At the start of the new year, Kansas will hand over its Medicaid long-term disability services to the control of three for-profit national insurance companies, sparking fears from Medicaid recipients that their services will be slashed.
“This is an unprecedented model. No state has ever taken a developmental disability population and placed it in an arrangement like this, with an out-of-state managed care system, all at once,” Rocky Nichols, executive director of the Disability Rights Center of Kansas, told the independent Kaiser Health News. “It’s almost like throwing everyone into the deep end of the pool.”
Disability advocates have long been concerned about the plan, which has been pushed hard by Governor Sam Brownback, a former Republican presidential candidate, since assuming office in 2011. Brownback claims the change will save the state more than $1 billion over five years.
The original plan was for all 380,000 of the state’s Medicaid recipients to be pushed into Kansas’ Medicaid managed care system, known as KanCare, at the start of 2013. After more than 800 disability advocates, operating under the banner of “Don’t Gamble with Our Lives,” protested in Topeka in May 2012, the state delayed the transition for home and community based services for a year.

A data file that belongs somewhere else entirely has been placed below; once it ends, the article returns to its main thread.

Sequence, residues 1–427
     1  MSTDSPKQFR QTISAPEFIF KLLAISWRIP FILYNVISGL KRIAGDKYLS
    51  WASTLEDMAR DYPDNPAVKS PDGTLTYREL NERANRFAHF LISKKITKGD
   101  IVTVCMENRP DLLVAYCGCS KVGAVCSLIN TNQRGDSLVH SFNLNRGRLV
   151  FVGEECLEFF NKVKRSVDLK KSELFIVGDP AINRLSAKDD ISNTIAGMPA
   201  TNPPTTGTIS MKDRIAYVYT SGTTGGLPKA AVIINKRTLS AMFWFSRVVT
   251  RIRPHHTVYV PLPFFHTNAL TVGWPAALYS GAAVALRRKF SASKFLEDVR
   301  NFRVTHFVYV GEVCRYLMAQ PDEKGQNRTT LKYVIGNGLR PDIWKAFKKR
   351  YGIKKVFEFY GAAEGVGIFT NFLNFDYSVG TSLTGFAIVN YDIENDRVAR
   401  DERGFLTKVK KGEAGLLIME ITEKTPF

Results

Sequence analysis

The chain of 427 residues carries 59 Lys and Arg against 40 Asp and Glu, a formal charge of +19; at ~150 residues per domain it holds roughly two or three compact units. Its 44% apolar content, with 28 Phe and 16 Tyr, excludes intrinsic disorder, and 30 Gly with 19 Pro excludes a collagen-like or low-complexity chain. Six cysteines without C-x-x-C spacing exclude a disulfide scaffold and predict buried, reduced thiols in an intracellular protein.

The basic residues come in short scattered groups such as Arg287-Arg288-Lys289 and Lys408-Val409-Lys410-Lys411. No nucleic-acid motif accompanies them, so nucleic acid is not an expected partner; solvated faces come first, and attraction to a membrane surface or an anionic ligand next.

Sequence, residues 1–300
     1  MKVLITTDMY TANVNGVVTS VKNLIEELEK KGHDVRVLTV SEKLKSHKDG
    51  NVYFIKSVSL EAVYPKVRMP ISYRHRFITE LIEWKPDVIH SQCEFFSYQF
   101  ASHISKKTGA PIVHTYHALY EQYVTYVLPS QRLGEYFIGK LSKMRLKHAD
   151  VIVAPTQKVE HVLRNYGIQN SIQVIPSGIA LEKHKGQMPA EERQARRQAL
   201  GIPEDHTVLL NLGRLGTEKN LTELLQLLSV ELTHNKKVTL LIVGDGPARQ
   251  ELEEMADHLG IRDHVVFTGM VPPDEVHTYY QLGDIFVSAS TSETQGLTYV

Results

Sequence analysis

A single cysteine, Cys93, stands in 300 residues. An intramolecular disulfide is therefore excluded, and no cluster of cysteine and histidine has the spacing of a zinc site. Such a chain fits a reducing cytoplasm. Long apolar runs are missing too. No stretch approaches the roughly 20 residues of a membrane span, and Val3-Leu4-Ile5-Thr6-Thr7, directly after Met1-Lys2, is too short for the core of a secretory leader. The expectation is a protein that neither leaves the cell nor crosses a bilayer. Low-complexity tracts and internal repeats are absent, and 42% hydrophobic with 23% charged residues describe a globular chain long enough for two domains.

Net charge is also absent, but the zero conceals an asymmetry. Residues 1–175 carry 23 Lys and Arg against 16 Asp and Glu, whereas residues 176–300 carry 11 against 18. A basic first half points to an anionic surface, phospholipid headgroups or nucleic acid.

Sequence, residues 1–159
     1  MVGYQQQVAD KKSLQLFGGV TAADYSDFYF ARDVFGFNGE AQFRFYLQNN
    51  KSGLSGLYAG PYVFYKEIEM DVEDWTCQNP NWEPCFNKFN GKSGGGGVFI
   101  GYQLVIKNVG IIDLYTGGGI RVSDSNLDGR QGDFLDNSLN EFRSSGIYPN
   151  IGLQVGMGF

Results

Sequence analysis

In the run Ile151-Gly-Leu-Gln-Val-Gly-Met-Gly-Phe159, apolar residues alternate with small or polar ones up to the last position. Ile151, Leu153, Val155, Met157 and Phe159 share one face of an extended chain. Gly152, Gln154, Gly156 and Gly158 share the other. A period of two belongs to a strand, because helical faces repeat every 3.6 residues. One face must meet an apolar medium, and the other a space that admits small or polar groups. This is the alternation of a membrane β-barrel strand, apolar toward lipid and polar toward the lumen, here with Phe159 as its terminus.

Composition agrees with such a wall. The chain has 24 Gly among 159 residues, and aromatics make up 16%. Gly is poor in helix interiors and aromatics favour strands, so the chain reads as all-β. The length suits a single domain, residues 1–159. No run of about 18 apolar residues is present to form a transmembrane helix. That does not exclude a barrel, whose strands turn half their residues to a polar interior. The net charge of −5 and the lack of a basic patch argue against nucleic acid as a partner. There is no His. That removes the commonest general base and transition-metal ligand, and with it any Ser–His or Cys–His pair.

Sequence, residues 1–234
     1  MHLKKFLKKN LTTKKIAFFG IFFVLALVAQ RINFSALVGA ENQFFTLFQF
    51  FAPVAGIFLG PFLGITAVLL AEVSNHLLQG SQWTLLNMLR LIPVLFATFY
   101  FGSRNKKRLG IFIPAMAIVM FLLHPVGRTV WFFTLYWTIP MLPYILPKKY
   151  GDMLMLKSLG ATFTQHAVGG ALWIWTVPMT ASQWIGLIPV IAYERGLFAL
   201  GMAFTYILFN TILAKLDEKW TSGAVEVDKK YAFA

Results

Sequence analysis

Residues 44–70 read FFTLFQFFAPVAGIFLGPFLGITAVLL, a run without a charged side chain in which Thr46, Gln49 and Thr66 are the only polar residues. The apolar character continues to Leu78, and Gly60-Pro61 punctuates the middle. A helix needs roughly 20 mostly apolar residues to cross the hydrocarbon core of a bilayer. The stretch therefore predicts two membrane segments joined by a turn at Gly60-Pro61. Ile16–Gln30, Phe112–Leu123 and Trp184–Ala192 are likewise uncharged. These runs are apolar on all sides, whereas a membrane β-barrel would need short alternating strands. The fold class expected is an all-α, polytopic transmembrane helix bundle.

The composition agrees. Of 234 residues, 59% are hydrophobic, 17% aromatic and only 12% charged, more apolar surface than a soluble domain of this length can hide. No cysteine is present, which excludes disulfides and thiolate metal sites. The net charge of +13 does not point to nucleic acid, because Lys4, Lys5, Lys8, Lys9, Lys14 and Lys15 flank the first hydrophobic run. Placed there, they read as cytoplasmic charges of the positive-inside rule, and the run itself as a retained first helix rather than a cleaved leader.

The state’s other Medicaid recipients have been on the plan since January.
“There is a great deal of fear in the community that these big private health plans don’t know much about this population,” Maureen Fitzgerald, disability rights director for the Arc, told Kaiser Health News. “These are such vulnerable people. Mistakes that are just inconvenient to some can be devastating to them. If the home care person doesn’t show up, you could be lying in your bed all day. It’s kind of scary.”
The Disability Rights Center of Kansas is part of the federally funded protection and advocacy system and a member of the National Disability Rights Network.